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'84 CX650E that is evolving into a GL500
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I have in front of me the March 2022 issue of Motorcycle Mojo Magazine, open to pages 60 & 61 where Costa Mouzouris describes a (new to him) method of softening old, hard rubber parts. His online research found forum threads about using 3 parts rubbing alcohol and 1 part Oil of Wintergreen so he tried it on the airbox manifolds of an '86 GSX-R750 he was working on. The article includes pics of the manifold with a 4kg steel bar on it, barely deflecting the old, hard part before and pretty much folding it after soaking in the mixture for 2 days.

I am on my way out the door so I don't have time right now to research this (I'd really like to know why wintergreen is used instead of some other oil) but a quick search found the video below (that I will watch later) that looks like it investigates several alternatives
 

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I have used that exact formula to soften the intake rubbers, although it does very well to soften the boots there is to me a significant amount of swelling of the rubber. Once the part is allowed to air dry it will return to near original size. A side benefit is if you soak Honda intake manifolds, valve covers, other coated aluminum parts, the finish will peal off quite easily and the parts are ready for final polishing.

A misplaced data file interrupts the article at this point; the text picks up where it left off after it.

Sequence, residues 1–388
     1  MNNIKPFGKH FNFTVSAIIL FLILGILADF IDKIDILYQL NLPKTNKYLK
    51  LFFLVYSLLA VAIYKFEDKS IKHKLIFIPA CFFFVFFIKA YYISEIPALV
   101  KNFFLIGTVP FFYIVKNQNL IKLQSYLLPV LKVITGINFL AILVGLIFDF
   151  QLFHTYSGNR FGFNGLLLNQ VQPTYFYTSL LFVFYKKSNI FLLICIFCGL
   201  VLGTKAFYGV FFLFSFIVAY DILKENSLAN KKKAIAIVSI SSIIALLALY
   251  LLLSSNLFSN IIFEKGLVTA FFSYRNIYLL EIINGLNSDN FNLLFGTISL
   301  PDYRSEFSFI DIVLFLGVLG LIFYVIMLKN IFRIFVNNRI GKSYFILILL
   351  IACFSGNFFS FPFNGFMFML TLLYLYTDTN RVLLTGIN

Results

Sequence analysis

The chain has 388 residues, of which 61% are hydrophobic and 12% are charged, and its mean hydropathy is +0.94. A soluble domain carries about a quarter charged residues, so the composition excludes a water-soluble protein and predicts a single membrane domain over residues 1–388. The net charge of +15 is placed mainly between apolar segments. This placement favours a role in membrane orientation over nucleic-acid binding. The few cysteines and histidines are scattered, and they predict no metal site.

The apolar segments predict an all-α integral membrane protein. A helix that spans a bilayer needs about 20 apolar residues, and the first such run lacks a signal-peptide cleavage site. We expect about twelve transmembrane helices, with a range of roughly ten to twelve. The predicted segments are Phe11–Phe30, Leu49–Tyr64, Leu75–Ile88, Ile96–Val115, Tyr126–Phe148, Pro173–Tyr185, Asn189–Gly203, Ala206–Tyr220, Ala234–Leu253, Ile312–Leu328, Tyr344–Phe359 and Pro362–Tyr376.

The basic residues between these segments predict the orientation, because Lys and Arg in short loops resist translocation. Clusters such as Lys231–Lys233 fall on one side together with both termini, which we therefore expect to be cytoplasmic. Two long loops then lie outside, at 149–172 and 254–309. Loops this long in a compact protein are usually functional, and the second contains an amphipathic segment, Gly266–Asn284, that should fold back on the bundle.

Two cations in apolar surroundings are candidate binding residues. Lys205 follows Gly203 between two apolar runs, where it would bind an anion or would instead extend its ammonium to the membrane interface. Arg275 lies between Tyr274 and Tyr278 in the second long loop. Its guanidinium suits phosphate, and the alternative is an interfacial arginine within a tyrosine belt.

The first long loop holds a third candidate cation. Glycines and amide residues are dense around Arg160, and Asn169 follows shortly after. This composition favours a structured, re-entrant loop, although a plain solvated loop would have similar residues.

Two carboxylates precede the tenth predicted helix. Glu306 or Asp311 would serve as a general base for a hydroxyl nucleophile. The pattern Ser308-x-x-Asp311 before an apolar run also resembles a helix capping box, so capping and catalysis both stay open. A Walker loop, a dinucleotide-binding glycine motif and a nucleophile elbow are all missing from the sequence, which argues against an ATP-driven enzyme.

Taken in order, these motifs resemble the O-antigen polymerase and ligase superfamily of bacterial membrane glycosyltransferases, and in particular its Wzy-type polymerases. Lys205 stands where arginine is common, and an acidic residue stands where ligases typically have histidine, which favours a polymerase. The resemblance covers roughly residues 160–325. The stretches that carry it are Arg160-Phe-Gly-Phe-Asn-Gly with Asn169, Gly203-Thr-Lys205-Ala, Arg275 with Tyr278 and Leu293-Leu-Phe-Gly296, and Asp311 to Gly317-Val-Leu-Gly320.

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CX500EC Eurosport 1982
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I used this too a couple of years ago on my Euro intake rubbers; think I might have ended up using 1:1 ratio mix but also the only wintergreen I could get was already diluted to some degree. Anyway, it worked, the rubber was supple but still old the the cracks were there. I have since added a couple of layers of shrink wrap over the whole intake run, the rubber and metal parts. I am pretty sure this has fixed the intake leak I had.
 

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'84 CX650E that is evolving into a GL500
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I finally got a chance to look at the video. Seems like he did his best to test what he tested but I'd have liked to see tests with alcohol and other oils that don't cost as much.

I haven't seen alcohol & wintergreen mentioned on the forum before. I've boiled parts in water and wintergreen in the past and they stayed soft for at least a few days until I installed them but in the case of the 650 intake manifolds they were hard again when I had them off a couple of years later.
I've heard good things about wintergreen and xylene but I haven't tried it myself.

Speaking of those 650 manifolds, the last time I had them off before I replaced the engine, carbs &c with ones from a GL500 I rubbed silicone grease into them (inside & out) and wiped off the excess before installing them the next day in the hope that it would help prevent them from hardening more and I was surprised to find them much softer when I took them off a couple of years later when replacing the engine.
Note that this is strictly anecdotal and there may have been more at play than the silicone like wintergreen residue from previous attempts and who knows what else.

If I remember when it is warmer out I'll try to remember to find a hardened rubber part I can cut up and experiment with alcohol and some other oils.
 

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If I remember when it is warmer out I'll try to remember to find a hardened rubber part I can cut up and experiment with alcohol and some other oils.
...and try a repeat of the silicone grease...
 

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1978 CX500 "The Grub", 1983 GL650I "Nimbus"
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You might try testing the effect of warming the part before and/or after applying the silicone grease, too
 
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